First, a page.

From what I have seen, Stélio has done an excellent job training his people. All are committed to the true gospel to the point that they were prepared to abandon what is perhaps the largest and most influential denomination in Nampula when their young leader was discredited.

My acquaintance with Stélio began when he showed up at our church the Sunday before the Fiel Conference. He was clearly troubled and unsure what God had in store for him as he endured the tempest that finally resulted in his censure two weeks later. At the conference, Stélio distinguished himself among the pastors and leaders present by the understanding he had gained through his extensive reading.

The condemnation of Stélio’s doctrine two Sundays after the Fiel Conference was shocking to at least three people present when it occurred. Three medical students had just completed my week-long systematic theology course held immediately following the conference. All three belonged to different assemblies in the same denomination as Stélio. They had the highest three scores among the group of 23 students taking the course last August (below right), but more importantly, they truly grasped the doctrines taught and understood the life and death nature of getting the gospel right. They were all Sunday school teachers or youth leaders in their congregation, but they told me they did not see how they could go back to their church knowing what they had learned. I told them they must go back and seek to help others discover from Scripture what they now understood. The goal of our literature and conference ministry is not to divide and plunder other churches, but to help them all awaken and embrace the truth. But sometimes it cannot turn out that way. The first Sunday after the conference, the threesome were shattered to hear their church leaders pronounce anathema on the very doctrines they had just come to know and love in the preceding week.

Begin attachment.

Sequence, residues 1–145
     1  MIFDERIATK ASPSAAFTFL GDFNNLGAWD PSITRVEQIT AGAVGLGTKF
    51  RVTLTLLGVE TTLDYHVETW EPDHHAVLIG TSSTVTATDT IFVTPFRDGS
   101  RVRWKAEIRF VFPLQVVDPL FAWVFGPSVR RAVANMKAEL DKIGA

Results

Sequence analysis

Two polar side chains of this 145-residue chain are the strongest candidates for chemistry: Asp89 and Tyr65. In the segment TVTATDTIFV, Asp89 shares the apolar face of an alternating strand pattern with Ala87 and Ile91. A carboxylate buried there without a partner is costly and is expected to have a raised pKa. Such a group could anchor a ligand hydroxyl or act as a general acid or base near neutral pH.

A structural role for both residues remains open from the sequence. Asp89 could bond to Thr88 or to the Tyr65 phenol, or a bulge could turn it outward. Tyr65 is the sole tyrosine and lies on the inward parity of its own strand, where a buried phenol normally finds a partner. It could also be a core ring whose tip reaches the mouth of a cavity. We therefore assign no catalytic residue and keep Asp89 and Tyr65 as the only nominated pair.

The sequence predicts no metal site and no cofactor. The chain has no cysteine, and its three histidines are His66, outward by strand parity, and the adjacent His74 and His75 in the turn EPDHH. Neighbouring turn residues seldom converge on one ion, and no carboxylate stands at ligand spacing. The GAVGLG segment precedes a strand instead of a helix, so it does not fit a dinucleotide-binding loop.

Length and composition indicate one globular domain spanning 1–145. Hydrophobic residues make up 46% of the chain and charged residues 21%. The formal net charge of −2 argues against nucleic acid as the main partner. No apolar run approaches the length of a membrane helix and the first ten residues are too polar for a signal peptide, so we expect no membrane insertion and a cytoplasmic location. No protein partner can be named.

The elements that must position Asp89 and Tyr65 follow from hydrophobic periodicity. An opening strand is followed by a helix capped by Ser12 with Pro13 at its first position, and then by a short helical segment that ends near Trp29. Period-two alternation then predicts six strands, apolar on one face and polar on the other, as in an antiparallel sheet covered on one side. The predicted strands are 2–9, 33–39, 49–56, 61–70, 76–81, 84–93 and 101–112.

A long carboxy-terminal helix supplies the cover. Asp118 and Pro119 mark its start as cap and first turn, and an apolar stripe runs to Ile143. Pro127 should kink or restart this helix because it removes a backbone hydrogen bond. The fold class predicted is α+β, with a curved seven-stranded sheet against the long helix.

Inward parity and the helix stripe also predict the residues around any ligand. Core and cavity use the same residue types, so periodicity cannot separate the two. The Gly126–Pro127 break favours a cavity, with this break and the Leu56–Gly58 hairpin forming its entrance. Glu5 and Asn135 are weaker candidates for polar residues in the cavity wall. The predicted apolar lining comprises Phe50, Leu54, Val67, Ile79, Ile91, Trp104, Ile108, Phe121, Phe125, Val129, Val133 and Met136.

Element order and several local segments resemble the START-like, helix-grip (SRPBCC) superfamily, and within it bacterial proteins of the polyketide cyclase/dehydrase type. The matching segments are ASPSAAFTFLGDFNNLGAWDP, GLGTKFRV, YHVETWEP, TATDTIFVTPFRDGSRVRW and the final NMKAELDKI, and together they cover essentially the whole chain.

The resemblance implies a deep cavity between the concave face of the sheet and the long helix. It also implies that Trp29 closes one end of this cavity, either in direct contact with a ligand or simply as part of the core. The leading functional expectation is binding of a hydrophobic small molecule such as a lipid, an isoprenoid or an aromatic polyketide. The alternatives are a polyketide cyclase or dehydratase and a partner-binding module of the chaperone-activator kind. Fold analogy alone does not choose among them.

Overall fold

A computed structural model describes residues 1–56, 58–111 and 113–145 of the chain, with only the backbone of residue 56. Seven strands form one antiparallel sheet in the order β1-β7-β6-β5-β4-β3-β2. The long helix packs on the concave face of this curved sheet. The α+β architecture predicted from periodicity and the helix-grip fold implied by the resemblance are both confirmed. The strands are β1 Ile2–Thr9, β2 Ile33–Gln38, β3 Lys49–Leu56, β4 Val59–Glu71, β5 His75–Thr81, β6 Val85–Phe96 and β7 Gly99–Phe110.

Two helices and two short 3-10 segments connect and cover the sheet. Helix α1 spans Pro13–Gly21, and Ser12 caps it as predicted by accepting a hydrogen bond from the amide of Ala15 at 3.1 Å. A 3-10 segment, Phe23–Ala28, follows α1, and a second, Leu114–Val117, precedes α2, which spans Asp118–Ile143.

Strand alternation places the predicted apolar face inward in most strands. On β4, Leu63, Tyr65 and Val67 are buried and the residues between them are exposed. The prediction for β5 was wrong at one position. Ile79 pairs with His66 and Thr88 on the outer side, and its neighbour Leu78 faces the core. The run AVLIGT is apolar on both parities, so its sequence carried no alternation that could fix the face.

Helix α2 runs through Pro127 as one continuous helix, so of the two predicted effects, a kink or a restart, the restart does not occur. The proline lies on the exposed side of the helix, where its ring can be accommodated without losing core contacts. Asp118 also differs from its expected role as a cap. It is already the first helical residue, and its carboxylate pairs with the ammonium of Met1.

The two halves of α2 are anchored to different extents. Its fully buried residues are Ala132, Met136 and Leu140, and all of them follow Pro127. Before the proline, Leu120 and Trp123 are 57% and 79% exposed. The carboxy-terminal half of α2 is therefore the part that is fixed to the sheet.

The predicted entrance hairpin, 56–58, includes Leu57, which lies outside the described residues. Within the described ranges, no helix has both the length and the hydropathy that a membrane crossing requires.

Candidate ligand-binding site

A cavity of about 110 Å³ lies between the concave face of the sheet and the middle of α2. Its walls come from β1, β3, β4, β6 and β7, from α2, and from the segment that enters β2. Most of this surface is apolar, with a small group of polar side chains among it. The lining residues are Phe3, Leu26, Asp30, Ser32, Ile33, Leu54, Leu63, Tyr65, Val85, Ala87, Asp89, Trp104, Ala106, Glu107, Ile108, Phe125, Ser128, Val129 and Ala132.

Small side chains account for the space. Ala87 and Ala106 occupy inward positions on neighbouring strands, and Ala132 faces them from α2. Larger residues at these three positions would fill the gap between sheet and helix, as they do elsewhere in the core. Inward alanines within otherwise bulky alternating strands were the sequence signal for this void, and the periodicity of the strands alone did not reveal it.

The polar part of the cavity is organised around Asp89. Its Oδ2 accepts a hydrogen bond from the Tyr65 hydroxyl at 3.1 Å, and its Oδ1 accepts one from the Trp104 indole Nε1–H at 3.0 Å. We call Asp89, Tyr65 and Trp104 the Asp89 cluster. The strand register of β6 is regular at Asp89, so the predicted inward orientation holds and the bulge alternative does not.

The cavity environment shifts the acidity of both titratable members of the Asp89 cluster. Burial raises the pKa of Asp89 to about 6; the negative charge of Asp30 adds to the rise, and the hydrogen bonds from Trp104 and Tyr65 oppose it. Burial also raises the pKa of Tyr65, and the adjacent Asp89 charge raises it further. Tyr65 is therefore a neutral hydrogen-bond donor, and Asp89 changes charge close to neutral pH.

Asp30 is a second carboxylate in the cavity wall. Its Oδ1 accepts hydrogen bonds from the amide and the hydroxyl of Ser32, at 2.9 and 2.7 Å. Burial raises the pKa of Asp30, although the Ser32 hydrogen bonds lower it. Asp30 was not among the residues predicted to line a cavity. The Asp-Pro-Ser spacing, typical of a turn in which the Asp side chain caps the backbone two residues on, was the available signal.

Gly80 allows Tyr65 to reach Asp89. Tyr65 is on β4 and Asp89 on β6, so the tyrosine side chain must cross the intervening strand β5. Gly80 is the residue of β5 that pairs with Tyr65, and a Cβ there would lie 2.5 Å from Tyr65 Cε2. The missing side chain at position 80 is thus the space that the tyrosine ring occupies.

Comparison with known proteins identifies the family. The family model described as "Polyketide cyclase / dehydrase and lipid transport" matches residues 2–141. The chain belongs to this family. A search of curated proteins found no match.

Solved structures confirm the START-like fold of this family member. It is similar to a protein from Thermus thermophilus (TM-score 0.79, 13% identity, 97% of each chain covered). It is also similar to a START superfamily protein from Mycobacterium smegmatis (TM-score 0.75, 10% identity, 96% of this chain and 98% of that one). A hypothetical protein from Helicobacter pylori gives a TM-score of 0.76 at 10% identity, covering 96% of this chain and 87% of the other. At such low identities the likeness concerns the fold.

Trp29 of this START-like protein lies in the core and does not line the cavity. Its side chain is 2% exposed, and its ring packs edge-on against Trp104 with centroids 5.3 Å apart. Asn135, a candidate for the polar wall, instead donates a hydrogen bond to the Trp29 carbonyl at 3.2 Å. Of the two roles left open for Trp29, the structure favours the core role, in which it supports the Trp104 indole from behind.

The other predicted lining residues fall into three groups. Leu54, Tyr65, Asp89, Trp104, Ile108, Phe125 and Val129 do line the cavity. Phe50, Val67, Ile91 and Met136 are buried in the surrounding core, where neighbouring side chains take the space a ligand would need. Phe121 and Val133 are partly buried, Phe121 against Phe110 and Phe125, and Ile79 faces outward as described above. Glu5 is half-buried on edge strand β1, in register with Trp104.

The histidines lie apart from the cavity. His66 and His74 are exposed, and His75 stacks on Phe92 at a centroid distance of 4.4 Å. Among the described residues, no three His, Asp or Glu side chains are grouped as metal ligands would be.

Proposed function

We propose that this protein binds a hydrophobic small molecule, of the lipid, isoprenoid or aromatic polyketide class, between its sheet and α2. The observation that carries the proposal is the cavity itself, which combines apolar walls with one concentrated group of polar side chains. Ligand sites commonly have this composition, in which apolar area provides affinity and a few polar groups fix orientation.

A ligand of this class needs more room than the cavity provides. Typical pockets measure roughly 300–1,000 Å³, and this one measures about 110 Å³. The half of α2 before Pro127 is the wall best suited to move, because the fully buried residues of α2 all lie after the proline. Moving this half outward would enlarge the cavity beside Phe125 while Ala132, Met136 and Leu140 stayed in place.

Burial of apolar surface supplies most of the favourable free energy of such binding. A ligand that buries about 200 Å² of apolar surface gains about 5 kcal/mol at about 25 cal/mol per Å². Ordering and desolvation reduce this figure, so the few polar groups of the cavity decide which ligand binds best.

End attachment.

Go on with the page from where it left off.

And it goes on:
Still, they tried to follow my advice – but three months later, one of them, Carlos, showed up at our service with a look of abject misery on his face. He said they did not want to cause problems for our ministry to other churches, but they could not carry on in their local church any longer. They were seeking ways to graciously relinquish their responsibilities so they could leave and join a church that preached salvation by grace.

In the four months since, Stélio has become a permanent fixture in our congregation, and it is unusual for two Sundays to pass without visits from new friends he has influenced through his own evangelistic and discipleship ministries. Of these people, eleven have become regular attenders, despite the fact that it takes an hour by African “taxi” for them to reach our church from Stélio’s neighborhood.”